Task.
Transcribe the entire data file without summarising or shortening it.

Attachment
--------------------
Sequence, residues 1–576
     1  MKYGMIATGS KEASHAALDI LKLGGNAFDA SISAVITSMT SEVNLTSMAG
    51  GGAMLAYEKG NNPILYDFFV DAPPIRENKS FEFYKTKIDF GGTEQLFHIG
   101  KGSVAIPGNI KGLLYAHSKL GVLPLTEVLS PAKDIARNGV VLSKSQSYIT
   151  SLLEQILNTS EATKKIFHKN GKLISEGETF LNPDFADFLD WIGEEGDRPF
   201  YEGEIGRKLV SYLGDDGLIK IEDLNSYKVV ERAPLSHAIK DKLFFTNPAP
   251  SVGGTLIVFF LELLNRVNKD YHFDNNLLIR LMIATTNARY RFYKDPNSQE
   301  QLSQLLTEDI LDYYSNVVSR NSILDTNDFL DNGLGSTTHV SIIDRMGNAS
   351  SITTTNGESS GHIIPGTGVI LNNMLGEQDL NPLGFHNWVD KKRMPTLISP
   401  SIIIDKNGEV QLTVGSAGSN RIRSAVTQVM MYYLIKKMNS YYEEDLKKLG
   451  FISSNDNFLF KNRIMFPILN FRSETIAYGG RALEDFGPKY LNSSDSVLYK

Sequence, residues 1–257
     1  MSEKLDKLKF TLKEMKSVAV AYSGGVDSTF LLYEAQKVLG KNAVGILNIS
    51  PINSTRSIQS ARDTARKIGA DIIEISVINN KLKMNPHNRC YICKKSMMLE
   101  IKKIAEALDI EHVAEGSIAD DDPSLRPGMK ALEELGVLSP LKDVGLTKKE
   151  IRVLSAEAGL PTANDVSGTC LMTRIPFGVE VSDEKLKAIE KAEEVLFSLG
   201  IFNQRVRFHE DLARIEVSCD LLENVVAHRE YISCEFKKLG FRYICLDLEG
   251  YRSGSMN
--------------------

Sequence, residues 1–576
     1  MKYGMIATGS KEASHAALDI LKLGGNAFDA SISAVITSMT SEVNLTSMAG
    51  GGAMLAYEKG NNPILYDFFV DAPPIRENKS FEFYKTKIDF GGTEQLFHIG
   101  KGSVAIPGNI KGLLYAHSKL GVLPLTEVLS PAKDIARNGV VLSKSQSYIT
   151  SLLEQILNTS EATKKIFHKN GKLISEGETF LNPDFADFLD WIGEEGDRPF
   201  YEGEIGRKLV SYLGDDGLIK IEDLNSYKVV ERAPLSHAIK DKLFFTNPAP
   251  SVGGTLIVFF LELLNRVNKD YHFDNNLLIR LMIATTNARY RFYKDPNSQE
   301  QLSQLLTEDI LDYYSNVVSR NSILDTNDFL DNGLGSTTHV SIIDRMGNAS
   351  SITTTNGESS GHIIPGTGVI LNNMLGEQDL NPLGFHNWVD KKRMPTLISP
   401  SIIIDKNGEV QLTVGSAGSN RIRSAVTQVM MYYLIKKMNS YYEEDLKKLG
   451  FISSNDNFLF KNRIMFPILN FRSETIAYGG RALEDFGPKY LNSSDSVLYK

Sequence, residues 1–257
     1  MSEKLDKLKF TLKEMKSVAV AYSGGVDSTF LLYEAQKVLG KNAVGILNIS
    51  PINSTRSIQS ARDTARKIGA DIIEISVINN KLKMNPHNRC YICKKSMMLE
   101  IKKIAEALDI EHVAEGSIAD DDPSLRPGMK ALEELGVLSP LKDVGLTKKE
   151  IRVLSAEAGL PTANDVSGTC LMTRIPFGVE VSDEKLKAIE KAEEVLFSLG
   201  IFNQRVRFHE DLARIEVSCD LLENVVAHRE YISCEFKKLG FRYICLDLEG
   251  YRSGSMN